He begins by setting the scene on a dark street, empty despite one woman, who he refers to as his “victim.” He notes that she was walking a good distance in front of him and describes the obvious tension between the two, even at such a distance. One can easily picture a single street lamp flickering off in the distance and imagine how it would feel to peer out of their window one night only to see a man, hands in his pockets, trailing a woman down a dark alleyway. In other words, it wouldn’t look good. Staples purposely includes this tactic in order to make make his readers aware of their own thought process. While reading the first paragraph of his work, it is immediately assumed that he has intentions to harm or molest this woman.
He proved it by using ethos, pathos, and logos on his essay he wrote called, “Black Men and Public Space.” Staples who is six feet two inches with a beard approached that several people, especially women, sees him as a mugger, a rapist, or worse. Staples begins his essay with “My first victim…” this shows that Staples sees himself as a threat to others because
In “Identities” by W.D. Valgardson, the author shows through her work how ignorant society has become. Based on the setting, the man was misinterpreted by the police officer. People’s judgments of others lead to irrational circumstances. “When the officer,… who is nervous because of the neighborhood, who is suspicious because of the car and because he is trained to see an unshaven man in blue jeans as a potential thief…”; is made as an example of the everyday individual in society that would automatically judge a person on how they look (6).
Furthermore, Staples uses gloomy diction throughout the writing to create a sense of dread when approaching the subject of black men in public places. He uses terms such as “fearsomeness” and “frightening” in his anecdotes. By doing so, the reader can infer the tough experiences Staples had to endure even though he was an innocent man. The diction creates pity in a reader because it has strong negative connotations. Because the words are being connected to the author’s life, the audience is brought to imagine a “fearsome” and “frightening” world.
This could have been any man, whether he was young, old, African American, or white. Men of all ages and races are equally as likely to be perceived as a threat to women. Some argue that race is the determining factor of whether one is likely to be perceived as a threat. Brent Staples, an African American author, argues this in the essay “Just Walk on By: A Black Man Ponders His Ability to Alter Public Space.” For example, he states that “Women are particularly vulnerable to street violence, and young black males are drastically overrepresented among the perpetrators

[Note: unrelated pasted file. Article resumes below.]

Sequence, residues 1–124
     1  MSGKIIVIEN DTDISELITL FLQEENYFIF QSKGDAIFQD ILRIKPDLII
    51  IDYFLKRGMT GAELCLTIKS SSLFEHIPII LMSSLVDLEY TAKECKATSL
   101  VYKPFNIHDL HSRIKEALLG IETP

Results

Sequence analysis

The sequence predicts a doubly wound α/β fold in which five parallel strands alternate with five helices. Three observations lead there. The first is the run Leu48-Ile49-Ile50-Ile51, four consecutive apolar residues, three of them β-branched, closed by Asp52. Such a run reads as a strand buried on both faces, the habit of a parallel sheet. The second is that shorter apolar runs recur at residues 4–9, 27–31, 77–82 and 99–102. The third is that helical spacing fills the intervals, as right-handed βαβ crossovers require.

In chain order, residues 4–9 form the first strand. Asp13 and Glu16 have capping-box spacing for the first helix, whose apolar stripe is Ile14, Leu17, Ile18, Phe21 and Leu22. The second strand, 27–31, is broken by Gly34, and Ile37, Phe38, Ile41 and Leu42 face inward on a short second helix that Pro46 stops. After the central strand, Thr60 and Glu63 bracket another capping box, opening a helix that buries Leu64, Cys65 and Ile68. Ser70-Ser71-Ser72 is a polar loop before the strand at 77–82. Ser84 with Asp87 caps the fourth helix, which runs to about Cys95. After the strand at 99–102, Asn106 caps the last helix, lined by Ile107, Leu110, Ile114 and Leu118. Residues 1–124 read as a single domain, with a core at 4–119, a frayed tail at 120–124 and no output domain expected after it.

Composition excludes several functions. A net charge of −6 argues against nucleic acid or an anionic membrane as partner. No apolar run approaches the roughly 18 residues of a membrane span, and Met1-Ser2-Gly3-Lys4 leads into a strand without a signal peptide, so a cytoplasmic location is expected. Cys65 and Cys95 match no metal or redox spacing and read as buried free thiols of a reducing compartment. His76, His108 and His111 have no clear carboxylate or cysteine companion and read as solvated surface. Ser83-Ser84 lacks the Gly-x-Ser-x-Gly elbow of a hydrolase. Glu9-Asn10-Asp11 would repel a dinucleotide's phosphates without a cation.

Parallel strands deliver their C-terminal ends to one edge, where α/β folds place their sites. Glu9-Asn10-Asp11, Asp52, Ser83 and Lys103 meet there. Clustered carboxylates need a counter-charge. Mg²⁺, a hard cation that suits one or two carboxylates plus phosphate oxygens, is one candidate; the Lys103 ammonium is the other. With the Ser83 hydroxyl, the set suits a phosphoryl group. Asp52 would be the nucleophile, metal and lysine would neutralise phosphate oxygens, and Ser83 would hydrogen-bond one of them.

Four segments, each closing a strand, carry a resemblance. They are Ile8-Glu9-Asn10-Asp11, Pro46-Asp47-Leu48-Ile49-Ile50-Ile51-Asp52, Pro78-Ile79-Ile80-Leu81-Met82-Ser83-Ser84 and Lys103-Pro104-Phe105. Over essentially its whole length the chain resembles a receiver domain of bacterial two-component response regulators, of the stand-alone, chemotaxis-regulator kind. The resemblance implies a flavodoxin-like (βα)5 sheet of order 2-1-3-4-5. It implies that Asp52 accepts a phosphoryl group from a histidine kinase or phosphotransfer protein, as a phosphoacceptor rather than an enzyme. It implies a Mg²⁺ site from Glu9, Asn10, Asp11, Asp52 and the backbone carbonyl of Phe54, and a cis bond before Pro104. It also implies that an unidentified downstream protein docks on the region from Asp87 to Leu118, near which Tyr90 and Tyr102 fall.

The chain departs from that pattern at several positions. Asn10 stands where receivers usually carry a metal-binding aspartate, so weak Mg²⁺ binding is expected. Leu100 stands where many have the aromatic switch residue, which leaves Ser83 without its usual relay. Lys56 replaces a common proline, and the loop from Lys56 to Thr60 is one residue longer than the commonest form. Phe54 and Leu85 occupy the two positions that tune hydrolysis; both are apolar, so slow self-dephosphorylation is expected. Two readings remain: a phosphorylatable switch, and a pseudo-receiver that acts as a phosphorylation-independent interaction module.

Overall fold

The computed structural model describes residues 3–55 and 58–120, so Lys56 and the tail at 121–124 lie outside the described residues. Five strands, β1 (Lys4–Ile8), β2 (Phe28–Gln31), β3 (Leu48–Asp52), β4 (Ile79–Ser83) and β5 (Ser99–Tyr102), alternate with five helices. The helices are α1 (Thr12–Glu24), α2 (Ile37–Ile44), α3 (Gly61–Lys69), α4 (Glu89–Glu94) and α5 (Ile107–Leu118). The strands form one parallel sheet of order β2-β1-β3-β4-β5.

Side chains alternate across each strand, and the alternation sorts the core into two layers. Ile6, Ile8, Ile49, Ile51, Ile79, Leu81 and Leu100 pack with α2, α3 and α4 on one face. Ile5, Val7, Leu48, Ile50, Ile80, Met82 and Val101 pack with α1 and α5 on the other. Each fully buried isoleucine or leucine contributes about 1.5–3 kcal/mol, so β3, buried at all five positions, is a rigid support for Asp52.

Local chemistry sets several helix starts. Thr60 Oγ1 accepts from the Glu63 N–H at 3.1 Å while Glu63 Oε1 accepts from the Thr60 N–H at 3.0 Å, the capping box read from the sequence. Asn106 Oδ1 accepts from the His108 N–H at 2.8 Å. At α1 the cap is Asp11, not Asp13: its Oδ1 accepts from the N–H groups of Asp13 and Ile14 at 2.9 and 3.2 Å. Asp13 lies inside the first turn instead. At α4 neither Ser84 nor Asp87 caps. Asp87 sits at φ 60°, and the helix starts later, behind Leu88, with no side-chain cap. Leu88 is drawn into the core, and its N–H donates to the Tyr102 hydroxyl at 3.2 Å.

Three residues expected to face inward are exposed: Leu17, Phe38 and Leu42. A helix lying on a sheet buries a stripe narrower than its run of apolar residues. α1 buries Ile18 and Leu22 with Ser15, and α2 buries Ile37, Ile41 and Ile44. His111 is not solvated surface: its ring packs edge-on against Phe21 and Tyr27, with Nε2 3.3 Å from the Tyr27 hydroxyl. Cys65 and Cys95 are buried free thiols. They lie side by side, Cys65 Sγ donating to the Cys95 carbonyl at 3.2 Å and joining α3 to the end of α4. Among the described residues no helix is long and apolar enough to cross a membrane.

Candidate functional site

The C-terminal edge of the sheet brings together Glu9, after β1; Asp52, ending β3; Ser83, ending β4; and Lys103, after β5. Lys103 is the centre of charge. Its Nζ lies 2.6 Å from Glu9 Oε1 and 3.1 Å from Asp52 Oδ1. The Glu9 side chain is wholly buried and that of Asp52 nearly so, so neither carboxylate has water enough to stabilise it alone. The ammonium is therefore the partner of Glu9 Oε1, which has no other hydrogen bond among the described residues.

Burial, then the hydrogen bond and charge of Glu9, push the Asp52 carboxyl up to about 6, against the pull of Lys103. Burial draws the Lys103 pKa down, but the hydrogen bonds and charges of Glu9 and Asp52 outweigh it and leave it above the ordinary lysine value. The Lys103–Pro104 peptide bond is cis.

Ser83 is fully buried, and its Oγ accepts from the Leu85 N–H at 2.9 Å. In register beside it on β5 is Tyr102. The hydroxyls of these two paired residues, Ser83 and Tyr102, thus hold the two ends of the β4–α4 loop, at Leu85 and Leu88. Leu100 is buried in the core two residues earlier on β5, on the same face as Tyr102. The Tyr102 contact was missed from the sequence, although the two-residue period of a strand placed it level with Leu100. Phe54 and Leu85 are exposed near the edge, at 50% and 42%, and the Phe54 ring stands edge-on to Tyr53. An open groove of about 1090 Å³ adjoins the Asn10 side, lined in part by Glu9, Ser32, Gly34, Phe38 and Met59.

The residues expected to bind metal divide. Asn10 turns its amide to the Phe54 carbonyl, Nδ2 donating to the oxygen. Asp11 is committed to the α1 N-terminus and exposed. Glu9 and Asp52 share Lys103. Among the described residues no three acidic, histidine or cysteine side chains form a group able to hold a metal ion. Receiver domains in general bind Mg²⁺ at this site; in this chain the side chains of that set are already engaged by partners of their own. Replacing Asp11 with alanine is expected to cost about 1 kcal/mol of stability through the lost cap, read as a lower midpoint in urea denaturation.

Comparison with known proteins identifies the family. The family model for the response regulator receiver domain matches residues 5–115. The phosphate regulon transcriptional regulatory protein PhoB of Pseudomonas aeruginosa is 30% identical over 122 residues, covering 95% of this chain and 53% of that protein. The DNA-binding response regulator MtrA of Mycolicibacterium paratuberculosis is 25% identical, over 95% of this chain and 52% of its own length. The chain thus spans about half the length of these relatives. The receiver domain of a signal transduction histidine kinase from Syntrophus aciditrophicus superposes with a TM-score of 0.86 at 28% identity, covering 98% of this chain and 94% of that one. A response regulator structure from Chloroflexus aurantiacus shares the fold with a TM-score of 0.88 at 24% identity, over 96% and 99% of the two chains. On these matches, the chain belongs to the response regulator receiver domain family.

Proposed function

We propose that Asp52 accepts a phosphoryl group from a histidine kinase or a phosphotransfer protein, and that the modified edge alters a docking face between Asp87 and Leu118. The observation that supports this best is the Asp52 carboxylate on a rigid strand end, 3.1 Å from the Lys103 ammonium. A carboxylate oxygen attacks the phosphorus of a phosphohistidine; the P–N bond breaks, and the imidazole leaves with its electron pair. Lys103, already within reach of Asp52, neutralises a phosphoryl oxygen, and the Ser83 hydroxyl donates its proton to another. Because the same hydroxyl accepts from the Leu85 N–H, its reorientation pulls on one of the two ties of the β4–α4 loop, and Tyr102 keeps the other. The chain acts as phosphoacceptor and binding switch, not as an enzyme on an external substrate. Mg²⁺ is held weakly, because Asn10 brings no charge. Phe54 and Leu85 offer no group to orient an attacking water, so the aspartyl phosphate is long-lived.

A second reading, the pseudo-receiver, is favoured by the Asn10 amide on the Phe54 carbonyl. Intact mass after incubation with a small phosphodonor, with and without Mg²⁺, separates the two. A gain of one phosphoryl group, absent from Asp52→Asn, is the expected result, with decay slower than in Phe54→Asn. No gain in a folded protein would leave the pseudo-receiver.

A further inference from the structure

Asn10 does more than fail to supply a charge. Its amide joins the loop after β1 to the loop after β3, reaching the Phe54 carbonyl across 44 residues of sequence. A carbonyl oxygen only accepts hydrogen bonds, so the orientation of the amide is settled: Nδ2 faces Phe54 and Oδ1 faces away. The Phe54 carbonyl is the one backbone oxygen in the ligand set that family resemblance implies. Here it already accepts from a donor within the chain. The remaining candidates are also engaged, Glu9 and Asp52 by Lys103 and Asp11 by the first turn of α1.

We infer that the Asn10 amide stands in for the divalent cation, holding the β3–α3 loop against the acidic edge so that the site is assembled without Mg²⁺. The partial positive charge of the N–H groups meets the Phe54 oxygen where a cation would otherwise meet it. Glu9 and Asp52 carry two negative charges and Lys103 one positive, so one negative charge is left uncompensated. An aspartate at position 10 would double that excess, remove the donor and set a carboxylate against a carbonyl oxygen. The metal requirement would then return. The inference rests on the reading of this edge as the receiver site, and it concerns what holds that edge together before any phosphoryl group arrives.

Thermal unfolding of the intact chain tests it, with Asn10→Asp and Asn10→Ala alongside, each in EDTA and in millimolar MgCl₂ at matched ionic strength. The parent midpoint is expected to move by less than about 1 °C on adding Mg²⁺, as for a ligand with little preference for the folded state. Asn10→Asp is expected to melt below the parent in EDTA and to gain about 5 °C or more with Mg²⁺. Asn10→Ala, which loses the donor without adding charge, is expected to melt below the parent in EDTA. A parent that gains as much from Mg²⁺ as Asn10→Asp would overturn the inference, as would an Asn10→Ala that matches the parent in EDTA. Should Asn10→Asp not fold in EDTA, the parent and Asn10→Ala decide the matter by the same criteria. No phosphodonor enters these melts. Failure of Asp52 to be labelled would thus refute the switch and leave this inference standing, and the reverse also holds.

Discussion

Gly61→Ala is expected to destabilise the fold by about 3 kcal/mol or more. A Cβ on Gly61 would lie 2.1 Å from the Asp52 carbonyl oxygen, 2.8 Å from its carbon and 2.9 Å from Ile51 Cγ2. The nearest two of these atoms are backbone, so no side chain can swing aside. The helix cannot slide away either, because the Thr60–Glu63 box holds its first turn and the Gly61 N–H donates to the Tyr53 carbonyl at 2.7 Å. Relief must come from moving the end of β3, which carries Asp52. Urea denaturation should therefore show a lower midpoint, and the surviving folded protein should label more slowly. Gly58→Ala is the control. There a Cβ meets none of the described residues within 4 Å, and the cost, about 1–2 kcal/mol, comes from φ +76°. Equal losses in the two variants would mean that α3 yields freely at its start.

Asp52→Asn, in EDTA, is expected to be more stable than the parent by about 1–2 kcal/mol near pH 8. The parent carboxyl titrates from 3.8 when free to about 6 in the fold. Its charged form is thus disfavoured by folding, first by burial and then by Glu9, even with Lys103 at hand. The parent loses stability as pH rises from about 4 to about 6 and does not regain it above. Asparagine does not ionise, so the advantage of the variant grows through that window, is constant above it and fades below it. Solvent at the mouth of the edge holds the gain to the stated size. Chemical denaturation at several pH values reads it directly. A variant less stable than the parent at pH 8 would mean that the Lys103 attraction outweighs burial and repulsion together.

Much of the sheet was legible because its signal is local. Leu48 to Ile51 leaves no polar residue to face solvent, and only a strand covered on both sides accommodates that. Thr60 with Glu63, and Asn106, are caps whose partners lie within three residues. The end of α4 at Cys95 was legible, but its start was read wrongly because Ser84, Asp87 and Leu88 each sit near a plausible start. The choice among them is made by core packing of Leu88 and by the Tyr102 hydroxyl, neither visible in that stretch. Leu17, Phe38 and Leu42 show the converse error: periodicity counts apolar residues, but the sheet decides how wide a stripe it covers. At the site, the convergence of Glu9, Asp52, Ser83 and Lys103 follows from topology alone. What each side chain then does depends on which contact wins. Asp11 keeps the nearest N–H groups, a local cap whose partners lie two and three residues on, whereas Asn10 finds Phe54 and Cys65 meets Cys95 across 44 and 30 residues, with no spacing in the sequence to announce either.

Even though I 'm a young Asian guy, my political stance is the same as those black people that is being a minority in this white-norm society. So when I saw the police are constantly overpowered, and their attitude toward black people upsets me very much. The fact that black men have to deal with racial profiling from the police for just being black and male is so ridiculous.
But when it comes to interacting with police officers, “Black Lives Matter”, black lives are in danger during interaction with the police because society treats black people different from other races. People of all races can be a part the Black Lives Matter movement. Many different people have joined the movement because they also see how black people are treated in this society and it’s not fair. The movement is not out to discriminate against other races. Instead, they want to come together to promote equal treatment of all
………………………………………………….. In Just Walk on By: Black Men and Public Space, the narrator has experienced seeing other people 's fear when they walk near him. I believe that the following quote of the passage gives insight into how he and strangers feel about him. “And I soon gathered that being perceived as dangerous is a hazard in itself. I only needed to turn a corner into a dicey situation, or crowd some frightened,
If he continues to hear about people shooting each other due to a lack of respect, then he will begin to see that as a social norm. Although there are many different reasons for shooting a person, when the code of the streets is presented in rap music repeatedly as the reason, many young black men treat the music as their version of a bible. In religion, the Bible is a guide for a person to live their life by. This rap bible, created by artist’s lyrics, is the reality for many young black men living in inner cities. The rap bible creates glorified role models for these
One of the worse roots being stereotypes. Stereotypes have the power to label someone and rob them of all their hard work or strike fear into others. One such stereotype is that of black men being more dangerous;yet, one black writer voices his opinion on such a stereotype. In the essay “Just Walk On By” by Brent Staples, Staples describes his experience of being a large black man and how it affects the people around him. From people locking their doors to pedestrians crossing the street to avoid a confrontation, people seem to be afraid of Staples just from a glance.